Suppose that private messages are being delivered as we speak to the top 100 or so figures in the regime. The messages say, “We know everything about what you have done. We know about all of the corrupt deals you have engaged in. We know where the money came from. We know where the money is now. You can’t hide from us. Here is the deal… The game is up. You cannot save the regime. You can only save yourself. Leave now. You don’t even have to resign. Just leave. Disappear and lie low. If you do that, we won’t go after your assets. You will be left alone to enjoy what you stole. But, if you don’t leave now, we will leave no stone unturned to assure that you are left without a penny. Decide now.”

    • It’s probably very hard to be a despot in a globalized world: a world where people can easily move to other countries; the international press is out of reach, and yet so close to people suffering under the dictatorship because of the internet; the money stolen by the despots can only be ‘safely’ guarded in banks in Europe and the US because, well, they just don’t know when the people will rise up and take the money back; everything they do against their own people will be professionally dissected by any moneyless private blogs like this one…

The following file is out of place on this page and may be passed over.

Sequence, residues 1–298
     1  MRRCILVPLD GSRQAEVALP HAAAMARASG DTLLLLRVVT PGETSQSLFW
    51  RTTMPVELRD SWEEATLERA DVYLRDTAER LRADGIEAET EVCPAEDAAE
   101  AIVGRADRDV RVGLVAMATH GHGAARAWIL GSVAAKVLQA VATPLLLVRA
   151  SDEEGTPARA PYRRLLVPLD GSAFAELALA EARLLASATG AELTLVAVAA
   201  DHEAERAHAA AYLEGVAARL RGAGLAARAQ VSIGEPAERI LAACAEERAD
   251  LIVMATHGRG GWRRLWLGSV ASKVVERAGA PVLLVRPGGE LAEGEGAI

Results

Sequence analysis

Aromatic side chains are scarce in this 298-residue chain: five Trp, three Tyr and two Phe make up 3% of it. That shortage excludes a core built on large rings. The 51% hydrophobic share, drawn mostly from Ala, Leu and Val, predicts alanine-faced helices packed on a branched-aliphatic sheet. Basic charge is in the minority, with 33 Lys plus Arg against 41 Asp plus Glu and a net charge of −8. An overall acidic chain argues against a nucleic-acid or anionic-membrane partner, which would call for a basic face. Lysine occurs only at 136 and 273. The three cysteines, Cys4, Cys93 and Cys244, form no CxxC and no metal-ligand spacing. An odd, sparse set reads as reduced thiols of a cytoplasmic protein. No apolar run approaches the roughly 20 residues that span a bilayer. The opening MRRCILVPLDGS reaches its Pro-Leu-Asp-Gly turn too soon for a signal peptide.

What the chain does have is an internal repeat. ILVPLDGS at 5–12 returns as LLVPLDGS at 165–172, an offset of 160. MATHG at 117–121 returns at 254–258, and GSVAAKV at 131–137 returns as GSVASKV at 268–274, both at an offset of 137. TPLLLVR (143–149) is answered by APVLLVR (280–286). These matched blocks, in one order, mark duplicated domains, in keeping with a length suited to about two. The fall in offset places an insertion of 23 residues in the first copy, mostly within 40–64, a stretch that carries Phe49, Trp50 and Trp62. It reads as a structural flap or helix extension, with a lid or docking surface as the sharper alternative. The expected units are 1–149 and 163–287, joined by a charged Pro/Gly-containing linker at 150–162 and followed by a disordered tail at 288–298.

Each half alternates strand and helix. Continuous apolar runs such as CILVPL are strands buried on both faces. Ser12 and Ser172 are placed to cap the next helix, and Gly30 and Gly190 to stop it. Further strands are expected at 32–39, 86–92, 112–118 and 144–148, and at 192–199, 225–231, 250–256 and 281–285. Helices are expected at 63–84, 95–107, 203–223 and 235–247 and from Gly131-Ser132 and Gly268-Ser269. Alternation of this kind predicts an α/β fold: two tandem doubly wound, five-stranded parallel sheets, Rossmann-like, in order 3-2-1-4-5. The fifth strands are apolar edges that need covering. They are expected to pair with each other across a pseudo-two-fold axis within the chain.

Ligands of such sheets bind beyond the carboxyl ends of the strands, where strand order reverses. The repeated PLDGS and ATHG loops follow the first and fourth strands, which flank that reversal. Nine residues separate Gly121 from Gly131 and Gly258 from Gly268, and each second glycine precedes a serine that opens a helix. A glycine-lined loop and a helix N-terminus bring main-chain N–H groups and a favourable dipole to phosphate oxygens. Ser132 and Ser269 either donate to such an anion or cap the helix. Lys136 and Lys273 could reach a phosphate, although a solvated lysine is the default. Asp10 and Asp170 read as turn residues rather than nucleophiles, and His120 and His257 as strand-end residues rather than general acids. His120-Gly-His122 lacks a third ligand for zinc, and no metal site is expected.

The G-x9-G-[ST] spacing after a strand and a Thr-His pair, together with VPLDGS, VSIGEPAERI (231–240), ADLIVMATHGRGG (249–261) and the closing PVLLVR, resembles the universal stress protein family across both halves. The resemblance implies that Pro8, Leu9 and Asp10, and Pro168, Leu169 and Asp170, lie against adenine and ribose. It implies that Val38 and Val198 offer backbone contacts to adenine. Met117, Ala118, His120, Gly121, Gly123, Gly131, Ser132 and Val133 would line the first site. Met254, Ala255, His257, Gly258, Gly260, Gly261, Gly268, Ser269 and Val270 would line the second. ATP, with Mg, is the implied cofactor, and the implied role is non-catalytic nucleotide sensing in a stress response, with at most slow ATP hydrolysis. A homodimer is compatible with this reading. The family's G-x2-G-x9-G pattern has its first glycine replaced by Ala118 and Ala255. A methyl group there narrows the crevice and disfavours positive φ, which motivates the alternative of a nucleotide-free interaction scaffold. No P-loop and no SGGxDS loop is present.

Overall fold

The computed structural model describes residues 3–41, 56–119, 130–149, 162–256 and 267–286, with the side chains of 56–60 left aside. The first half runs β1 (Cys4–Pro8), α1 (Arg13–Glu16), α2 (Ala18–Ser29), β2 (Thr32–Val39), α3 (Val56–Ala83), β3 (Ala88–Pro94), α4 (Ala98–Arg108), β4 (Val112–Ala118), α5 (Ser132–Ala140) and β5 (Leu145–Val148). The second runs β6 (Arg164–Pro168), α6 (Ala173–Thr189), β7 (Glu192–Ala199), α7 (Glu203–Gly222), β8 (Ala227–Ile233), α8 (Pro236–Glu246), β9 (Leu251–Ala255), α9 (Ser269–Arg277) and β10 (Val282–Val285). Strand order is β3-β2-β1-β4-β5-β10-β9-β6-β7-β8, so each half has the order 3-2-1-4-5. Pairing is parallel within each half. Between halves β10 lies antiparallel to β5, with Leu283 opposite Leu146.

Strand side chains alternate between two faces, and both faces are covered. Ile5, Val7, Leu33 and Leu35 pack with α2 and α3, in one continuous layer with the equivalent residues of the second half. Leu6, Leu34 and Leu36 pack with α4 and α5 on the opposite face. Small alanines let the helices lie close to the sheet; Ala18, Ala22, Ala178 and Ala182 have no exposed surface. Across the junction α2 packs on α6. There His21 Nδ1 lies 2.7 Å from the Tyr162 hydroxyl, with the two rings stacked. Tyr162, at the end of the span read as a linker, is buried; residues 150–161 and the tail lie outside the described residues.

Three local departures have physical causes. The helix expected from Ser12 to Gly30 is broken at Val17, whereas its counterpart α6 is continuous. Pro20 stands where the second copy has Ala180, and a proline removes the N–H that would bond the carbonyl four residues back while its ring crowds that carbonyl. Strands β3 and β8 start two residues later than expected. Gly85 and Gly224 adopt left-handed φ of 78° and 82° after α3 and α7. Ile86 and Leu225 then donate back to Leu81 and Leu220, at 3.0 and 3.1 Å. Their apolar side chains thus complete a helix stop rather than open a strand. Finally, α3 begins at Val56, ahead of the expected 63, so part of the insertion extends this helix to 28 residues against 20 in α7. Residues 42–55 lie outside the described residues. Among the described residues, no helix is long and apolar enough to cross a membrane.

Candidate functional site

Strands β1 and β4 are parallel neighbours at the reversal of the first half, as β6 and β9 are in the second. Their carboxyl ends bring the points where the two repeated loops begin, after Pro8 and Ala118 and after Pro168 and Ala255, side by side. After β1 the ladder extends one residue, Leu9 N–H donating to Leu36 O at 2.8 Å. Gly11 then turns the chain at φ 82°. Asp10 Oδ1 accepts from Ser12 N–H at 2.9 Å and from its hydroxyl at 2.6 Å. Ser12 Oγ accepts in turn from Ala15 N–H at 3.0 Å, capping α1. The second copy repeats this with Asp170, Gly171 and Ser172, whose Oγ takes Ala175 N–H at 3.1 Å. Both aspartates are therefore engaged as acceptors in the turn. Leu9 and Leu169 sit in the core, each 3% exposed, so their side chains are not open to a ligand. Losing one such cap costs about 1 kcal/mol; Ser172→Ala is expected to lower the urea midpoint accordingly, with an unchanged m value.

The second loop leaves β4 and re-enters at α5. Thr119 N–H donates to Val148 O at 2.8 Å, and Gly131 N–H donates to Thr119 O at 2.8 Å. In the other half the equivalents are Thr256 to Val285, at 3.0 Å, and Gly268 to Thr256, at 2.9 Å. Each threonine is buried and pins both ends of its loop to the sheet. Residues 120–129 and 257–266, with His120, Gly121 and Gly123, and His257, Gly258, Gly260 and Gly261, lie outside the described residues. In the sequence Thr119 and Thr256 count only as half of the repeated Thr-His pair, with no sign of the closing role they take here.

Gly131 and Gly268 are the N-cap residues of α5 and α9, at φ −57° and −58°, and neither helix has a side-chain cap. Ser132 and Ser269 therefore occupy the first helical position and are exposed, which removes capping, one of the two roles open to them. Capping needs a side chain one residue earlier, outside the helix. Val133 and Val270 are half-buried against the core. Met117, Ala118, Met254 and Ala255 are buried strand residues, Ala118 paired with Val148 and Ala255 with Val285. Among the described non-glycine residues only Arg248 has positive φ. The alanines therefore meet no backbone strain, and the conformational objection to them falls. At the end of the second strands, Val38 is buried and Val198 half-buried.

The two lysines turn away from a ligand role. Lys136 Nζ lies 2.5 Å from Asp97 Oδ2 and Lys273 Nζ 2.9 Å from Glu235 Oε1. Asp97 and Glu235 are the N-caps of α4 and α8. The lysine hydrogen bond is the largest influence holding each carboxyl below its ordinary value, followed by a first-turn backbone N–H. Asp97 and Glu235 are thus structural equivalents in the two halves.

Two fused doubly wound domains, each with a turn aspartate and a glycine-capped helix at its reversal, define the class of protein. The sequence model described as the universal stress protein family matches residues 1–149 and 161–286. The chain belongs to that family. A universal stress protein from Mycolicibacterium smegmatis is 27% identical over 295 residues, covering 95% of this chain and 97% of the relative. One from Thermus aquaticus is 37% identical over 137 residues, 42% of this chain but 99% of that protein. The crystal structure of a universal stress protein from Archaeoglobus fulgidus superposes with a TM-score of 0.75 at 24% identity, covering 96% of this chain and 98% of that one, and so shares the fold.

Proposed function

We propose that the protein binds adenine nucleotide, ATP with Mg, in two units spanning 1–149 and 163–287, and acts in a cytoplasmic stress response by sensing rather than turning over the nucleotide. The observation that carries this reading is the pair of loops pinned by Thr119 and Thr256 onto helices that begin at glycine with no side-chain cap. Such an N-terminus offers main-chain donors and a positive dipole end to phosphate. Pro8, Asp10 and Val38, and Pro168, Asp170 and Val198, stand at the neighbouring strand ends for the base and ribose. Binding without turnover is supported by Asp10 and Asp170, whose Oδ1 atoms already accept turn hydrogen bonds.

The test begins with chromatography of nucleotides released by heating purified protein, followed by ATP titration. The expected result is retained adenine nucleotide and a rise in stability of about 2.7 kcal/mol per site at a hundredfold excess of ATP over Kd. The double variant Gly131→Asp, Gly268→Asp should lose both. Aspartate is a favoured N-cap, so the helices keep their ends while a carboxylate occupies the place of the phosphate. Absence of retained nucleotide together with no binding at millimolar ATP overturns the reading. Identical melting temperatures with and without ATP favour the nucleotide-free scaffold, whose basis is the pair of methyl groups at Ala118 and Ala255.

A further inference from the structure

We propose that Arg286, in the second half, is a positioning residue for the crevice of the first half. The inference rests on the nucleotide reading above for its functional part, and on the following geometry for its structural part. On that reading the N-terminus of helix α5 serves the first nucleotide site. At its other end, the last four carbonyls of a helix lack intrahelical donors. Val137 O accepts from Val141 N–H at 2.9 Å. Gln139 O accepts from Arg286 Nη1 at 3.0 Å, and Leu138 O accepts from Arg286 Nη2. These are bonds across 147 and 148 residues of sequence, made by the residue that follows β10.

And then you have the threats, which can come from anywhere, even by their fellow comrades!
      No wonder Maduro was looking like a zombie yesterday, hehe.

  4. Remember, the US left Noriega alone … until he started to screw around with money laundering on a large enough scale it could not be ignored much longer. Then, the USMC repo man came knocking…

  5. Regarding the Andorran $2 BILLION of PDVSA money-laundered funds, RR’s suegra, Hildegard Rondon De Sanso, just happens, by coincidence, I’m sure, to be Venezuelan Ambassadoress to Andorra (yes, the same person who stated some time ago, “Cacelorear es la maxima manifestacion moderna del Fascismo.”).

  6. Madrid’s reaction was very, very swift. It would just be the icing on the cake if any links between the Venezuela money flowing through Andorra and Podemos is uncovered….that would tick many boxes – both for Washington as well as Madrid. Because, let’s face it, does any ˆreally* think the full extent of the financial support of Caracas to Podemos has been exposed? I don’t think so.

  7. Look at all the immediate fallout from just one report from the U.S. about just one bank. More coming…

    When corruption exists on such a massive scale as exists in Venezuela, it has a corrupting affect on everything it touches. Maybe that is the sense in which Venezuela is a “threat”.

  8. Talking about how these bobos keep losing money – didn’t Chavez change all the US$ government accounts around the world into Euro accounts?

    That would be a pretty big hit considering the fall in the exchange ratge.